BISTIC, the NIH-wide consortium of biomedical computing departments, continued to sort through a number of hot bioinformatics issues facing the agency at its recent meeting held on November 19.
In addition to coordinating the multitude of activities presented by its 29 member institutes, BISTIC (Biomedical Information Science and Technology Initiative Consortium) is currently dealing with two key issues that override its day-to-day administrative duties, according to James Cassatt of the National Institute of General Medical Sciences, who serves as chair of the consortium.
Cassatt told BioInform that one of the groups priorities right now is the launch of the NIH centers of excellence in biomedical computing an initiative that was recommended in April 2000 by the BISTI implementation groups initial report.
This has been left to the various institutes, said Cassatt, which have limited the number of active centers to only two, despite much broader interest in the program. Cassatt said BISTIC is in the final stages of announcing an NIH-wide center.
Also at issue within the NIH right now is the agencys role in bioinformatics software development. The question, said Cassatt, is How to do it within the existing mechanism?
Again, the disparate work of the multiple institutes within the agency requires a greater degree of focus on the part of BISTIC.
Some or our concerns are around maintenance how do you support maintenance of existing software? Some of this doesnt appear to be intellectually challenging, because its more engineering than discovery, and yet its vital to the mission of NIH because many of our grantees are totally dependent on the kinds of software that have been developed and will continue to be developed. Other issues, such as integration and interoperabilty, are also on the table.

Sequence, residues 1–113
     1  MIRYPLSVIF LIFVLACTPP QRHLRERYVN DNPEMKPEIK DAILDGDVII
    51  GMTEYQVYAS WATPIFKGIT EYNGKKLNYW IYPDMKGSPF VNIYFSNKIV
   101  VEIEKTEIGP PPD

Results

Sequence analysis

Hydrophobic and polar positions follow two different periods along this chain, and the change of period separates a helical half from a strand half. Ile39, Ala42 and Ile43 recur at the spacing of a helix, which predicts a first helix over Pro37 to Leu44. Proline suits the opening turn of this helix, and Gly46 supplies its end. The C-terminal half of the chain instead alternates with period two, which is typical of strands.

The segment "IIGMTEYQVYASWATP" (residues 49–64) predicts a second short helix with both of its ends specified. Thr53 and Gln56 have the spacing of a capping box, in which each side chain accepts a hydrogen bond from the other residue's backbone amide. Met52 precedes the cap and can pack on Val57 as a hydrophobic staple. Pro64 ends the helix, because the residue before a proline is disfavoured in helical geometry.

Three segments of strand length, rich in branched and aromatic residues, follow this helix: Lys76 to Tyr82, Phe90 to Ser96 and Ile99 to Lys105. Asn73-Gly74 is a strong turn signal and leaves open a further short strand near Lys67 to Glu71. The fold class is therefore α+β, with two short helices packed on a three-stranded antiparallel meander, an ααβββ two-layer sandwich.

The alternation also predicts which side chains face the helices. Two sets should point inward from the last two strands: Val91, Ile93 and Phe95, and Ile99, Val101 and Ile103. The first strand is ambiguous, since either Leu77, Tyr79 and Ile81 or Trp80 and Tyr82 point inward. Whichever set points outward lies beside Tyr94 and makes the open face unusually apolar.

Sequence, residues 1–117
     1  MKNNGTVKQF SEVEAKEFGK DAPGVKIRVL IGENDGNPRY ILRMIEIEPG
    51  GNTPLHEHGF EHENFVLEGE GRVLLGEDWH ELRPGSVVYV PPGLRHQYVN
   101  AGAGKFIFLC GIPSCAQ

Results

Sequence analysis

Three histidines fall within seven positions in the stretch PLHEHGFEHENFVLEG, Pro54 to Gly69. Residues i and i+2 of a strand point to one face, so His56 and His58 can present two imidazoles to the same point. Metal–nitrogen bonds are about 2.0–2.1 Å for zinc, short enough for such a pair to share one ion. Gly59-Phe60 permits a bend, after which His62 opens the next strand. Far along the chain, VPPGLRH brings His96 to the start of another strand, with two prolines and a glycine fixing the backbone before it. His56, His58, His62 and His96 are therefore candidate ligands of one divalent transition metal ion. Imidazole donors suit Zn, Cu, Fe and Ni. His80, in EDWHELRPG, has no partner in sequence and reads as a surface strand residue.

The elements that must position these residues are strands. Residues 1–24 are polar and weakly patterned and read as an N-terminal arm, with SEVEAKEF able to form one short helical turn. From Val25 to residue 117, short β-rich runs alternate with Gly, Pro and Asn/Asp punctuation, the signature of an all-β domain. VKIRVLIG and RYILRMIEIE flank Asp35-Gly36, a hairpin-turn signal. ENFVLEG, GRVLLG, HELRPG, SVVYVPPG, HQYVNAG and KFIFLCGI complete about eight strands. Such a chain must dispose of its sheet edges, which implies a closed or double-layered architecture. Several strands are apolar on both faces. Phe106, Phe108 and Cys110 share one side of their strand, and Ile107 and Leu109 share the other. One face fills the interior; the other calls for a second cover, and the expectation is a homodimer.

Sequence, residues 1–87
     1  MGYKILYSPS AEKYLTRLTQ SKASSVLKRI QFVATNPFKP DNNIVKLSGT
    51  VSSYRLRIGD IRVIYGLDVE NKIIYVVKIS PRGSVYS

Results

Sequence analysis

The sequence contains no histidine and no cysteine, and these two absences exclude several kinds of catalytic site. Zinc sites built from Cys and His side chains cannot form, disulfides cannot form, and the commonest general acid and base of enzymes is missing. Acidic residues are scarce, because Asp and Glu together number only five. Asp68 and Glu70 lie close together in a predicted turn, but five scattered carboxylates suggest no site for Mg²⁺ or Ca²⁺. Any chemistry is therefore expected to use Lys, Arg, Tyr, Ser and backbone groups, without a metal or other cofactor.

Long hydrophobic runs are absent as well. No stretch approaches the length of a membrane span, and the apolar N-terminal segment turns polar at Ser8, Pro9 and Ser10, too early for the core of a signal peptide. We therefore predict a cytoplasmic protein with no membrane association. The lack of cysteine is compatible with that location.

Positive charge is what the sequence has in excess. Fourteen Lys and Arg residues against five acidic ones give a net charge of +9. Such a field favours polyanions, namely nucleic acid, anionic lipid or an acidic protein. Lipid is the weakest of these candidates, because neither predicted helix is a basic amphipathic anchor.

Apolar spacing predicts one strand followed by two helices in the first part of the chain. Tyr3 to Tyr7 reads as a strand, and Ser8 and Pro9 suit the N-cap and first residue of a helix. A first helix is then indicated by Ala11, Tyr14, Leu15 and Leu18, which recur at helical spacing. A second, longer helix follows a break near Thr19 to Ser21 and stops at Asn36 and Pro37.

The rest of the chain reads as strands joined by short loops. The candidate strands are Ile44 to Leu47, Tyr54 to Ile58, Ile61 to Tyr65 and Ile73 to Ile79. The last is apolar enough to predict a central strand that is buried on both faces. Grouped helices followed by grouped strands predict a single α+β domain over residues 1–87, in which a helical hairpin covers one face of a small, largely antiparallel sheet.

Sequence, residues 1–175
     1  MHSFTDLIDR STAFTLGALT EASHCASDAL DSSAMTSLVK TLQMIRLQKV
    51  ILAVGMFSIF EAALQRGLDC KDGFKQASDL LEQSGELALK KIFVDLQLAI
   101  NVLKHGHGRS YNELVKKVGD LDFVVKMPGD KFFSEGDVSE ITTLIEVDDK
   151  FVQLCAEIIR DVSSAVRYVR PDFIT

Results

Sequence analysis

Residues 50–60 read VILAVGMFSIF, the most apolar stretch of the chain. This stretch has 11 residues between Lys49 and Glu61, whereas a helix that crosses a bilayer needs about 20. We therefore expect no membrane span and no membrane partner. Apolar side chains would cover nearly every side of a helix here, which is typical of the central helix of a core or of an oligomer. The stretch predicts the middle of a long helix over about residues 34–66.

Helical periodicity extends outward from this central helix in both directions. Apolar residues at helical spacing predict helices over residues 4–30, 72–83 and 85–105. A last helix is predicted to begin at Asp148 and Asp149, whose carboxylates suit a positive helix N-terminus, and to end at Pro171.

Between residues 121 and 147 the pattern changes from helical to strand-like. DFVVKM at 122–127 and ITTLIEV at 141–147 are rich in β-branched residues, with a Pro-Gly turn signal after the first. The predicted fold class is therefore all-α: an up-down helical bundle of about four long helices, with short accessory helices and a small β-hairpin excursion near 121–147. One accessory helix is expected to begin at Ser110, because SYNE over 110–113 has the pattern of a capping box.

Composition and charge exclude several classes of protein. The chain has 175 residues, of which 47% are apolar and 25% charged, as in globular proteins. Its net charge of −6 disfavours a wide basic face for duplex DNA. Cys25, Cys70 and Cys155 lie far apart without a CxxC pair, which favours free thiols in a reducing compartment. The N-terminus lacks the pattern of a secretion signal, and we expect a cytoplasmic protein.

Cassatt said the group is reviewing a petition working its way through the bioinformatics community requesting that the NIH and other public funding agencies endorse the release of open source versions of bioinformatics software developed using public funds [BioInform, 09-10-01; the petition is available at www.openinformatics.org].
The NIH does not yet have an official position on the petition, said Cassatt.
The agency wants to make all scientific discoveries public and available, Cassatt said, and we have no problem with people making money off of them. How this connects to the open source movement I dont know yet.
Additionally, the closing date for applications for the head of a new center for bioinformatics and computational biology at NIGMS has passed and Cassatt is currently reviewing the applicants. He expects to hire the new head, who will also take his place as acting dirctor of BISTIC by early summer.